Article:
I revisited Nick Joaquin, (1917-2004), by reading his 1960 novel, ‘The Woman Who Had Two Navels’ as my encounter with his short story ‘ The Legend of the Virgin’s Jewel’, in 1967, a must read in our English composition in high school, left me a faint imagery of the goatherd who offered milk to the viper to appease its ravenous spirit because at that time I was more preoccupied with teenage fling than looking into the jewels myself hidden in the artifacts of Quijano de Manila’s literary prose. I have searched for the book last week, but I found none, instead I found ‘The Woman’.
I finished the book in two days. ‘The ‘Woman’ enthralled me with the imagery of Manila before the war and its ruins after the war, the smoke of the ruins and the lives consumed by it, the conflicted characters, their dreams, vanity and vulgarity, corruption, salvation, and the woman who had to indulge in self-delusion of having two navels to avoid the realities of a sheltered but tormented past.
This novel also brings the reader to the countrysides; the Tirad Pass defended by few gallant rebolusyonaro who gave their lives to protect the fledgling and fleeing Republic to the mountains from the pursuing Yanquis. You hear the rivulet of the stream down below the pass, smell the trees and feel the hunger and anxiety of the defenders of the pass, their pain; their death. His pen changes focus at will without losing his reader; confronts you with a rebolusyonaryo remnant exiled in Hongkong living in decrepit tenement and dreamed of coming back home to the country he loved. Your nostril is seared by the steamy side of Hongkong, its ruckus harbor, its storm, its aureoled dawn and you hear the sound and smell the smokes of crackling firecrackers that heralded the full moon of Chinese New Year and contaminated by the jubilation of the revelers, then he shifts gear to let you feel the chill of ferry passengers and the fog that slowly consumes them, and flashback again to his main character’s self-indulging lies, to save herself from realities or face destruction.
The vivid descriptions of events, places and people were self-riveting and the philosophy astonishing that only a Mr. Joaquin and his contemporary serious writers can deliver.
We have produced renown writers, essayists, novelists, and poets like Bienvenido Santos, F. Sionil Jose, NVM Gonzalez, Manuel Arguilla, Apolinario Mabini, Jose Rizal, and Carmen Guerrero Nakpil, just to name a few because our elder generations took pains in learning grammar, syntax and prose. But we are totally strangers to them, complacent as we are to the cheap imitations we mistake for superior works in today’s newspapers and shallow analysis of our TV commentators. Gradually, we lose our glorious past and forget that our forebears had tried to paint in our souls our identity as a people, our common bond, our struggles.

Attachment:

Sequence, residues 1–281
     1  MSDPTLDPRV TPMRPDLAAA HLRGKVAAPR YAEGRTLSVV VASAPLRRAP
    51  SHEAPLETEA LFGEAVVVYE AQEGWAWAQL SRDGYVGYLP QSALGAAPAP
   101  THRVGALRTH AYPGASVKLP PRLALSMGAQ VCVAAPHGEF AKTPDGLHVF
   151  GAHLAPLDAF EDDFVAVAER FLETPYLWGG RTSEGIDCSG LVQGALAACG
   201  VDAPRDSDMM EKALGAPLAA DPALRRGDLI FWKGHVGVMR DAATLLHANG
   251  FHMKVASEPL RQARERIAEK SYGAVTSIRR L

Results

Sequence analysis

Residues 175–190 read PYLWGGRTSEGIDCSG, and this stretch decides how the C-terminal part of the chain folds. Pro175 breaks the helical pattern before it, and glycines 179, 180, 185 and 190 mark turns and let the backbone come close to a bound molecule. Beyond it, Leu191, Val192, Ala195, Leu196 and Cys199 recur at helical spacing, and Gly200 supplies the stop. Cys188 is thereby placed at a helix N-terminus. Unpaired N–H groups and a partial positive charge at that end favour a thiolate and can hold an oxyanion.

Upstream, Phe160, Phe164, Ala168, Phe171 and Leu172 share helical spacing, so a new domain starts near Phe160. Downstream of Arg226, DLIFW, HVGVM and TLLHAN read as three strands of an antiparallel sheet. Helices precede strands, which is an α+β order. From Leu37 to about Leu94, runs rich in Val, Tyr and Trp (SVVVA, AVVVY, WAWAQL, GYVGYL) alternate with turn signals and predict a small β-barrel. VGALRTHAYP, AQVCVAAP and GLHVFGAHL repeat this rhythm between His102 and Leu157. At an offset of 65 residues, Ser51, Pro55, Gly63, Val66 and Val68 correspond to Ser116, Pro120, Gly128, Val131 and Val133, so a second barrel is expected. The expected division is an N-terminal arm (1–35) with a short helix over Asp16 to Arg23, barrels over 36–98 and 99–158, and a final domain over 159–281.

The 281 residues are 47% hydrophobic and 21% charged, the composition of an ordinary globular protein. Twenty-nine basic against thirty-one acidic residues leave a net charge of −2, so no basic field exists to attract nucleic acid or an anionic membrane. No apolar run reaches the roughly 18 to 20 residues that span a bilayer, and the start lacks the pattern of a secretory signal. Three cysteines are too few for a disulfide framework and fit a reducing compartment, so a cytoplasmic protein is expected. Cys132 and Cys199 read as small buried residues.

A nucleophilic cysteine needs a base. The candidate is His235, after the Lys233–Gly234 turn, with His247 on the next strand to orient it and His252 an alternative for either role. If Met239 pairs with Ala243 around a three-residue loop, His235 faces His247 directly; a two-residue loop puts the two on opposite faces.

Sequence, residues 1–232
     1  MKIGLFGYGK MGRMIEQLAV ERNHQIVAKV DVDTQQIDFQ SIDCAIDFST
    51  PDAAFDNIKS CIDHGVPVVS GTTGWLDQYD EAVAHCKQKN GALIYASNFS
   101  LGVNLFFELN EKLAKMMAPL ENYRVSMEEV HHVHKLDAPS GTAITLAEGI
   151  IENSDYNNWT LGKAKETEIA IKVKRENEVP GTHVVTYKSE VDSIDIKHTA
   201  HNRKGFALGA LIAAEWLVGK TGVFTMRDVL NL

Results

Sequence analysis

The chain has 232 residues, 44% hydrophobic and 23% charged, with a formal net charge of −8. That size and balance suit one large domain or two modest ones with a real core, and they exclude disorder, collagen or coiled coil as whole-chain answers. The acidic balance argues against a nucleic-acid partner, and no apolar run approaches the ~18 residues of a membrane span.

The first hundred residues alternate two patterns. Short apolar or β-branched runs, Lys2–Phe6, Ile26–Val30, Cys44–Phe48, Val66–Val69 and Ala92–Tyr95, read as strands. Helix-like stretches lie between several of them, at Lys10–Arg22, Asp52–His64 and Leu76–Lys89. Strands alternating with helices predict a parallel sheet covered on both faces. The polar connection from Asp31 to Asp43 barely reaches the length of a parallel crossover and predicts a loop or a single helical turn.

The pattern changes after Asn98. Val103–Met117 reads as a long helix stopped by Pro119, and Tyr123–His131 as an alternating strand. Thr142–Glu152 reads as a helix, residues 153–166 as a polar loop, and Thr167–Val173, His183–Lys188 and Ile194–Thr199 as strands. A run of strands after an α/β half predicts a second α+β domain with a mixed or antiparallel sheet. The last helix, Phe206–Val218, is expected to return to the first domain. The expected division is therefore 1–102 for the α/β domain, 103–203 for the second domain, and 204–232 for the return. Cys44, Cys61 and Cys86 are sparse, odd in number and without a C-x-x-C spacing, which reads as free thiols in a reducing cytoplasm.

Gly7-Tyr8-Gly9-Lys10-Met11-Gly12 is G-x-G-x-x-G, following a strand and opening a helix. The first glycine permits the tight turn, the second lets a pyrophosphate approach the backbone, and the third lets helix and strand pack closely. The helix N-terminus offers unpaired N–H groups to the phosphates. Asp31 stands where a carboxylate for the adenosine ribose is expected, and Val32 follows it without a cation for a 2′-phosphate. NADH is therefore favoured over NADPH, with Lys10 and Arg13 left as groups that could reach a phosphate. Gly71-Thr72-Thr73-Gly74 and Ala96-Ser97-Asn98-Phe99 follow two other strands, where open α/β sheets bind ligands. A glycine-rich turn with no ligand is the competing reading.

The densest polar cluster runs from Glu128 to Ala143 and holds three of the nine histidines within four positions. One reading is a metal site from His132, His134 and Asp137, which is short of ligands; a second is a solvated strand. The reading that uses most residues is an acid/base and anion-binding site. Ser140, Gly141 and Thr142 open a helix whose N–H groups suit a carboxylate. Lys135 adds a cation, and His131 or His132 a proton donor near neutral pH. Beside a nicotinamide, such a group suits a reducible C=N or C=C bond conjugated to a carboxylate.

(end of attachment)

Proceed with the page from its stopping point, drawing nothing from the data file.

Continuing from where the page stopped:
To F. Sionil Jose, “We can only be a strong nation if we are bounded together by racial memory, by the sublime history that has sustained us and made us endure. If only all of us recognize it”.
Our new generation after our great forebears tethered themselves into learning the equivalent of a “one-night-stand” cultural exposition and become instant “jejemoners” or plain lazy “cut-and-paste artists” presenting the literary genius of others as their own.
In 2009, Carlos J. Caparas was named National Artist for Visual Arts and Film. He was the writer of the Telenovela ‘Totoy Bato’, featuring Robin Padilla which theme was directly lifted from three foreign films, ‘The Terminator’ (starring Shwarzenegger), ‘Troy’ (Brad Pitt) and ‘Highlander’ (Christopher Lambert).
The genuine group of literary people who inveighed against his choice as the national artist for this category had all the reasons to be up in arms and be scandalized because the choice reflects the lowest ebb of our creative genius that we find no more qualms in bestowing an award to a literary thief.
This year, the SCORP penned a decision against the clamor of Japanese Comfort Women, raped and ravaged by Japanese soldiers during their incursions of the islands in the forties by lifting arguments from other people’s thesis which cheerfully support the claim of these women and without attribution of the copied materials to their authors; secured perhaps with the idea that the non-attribution gives it right to reach a contrary conclusion of the very authors it robs of their labor.
In our noontime TV shows, we fork wads of cash to guests who evoke the most pity and sympathy from the audience after narrating their heart-rending miseries instead of giving the dough to guests for their spectacular achievement that inspires hard-work and dignity.
We have lost our roots and we acquired a modern one steep in dishonesty, thievery, and trifles. It’s no wonder why we are poor, rudderless and lost in our scramble for things that demean us rather than those that would uplift us.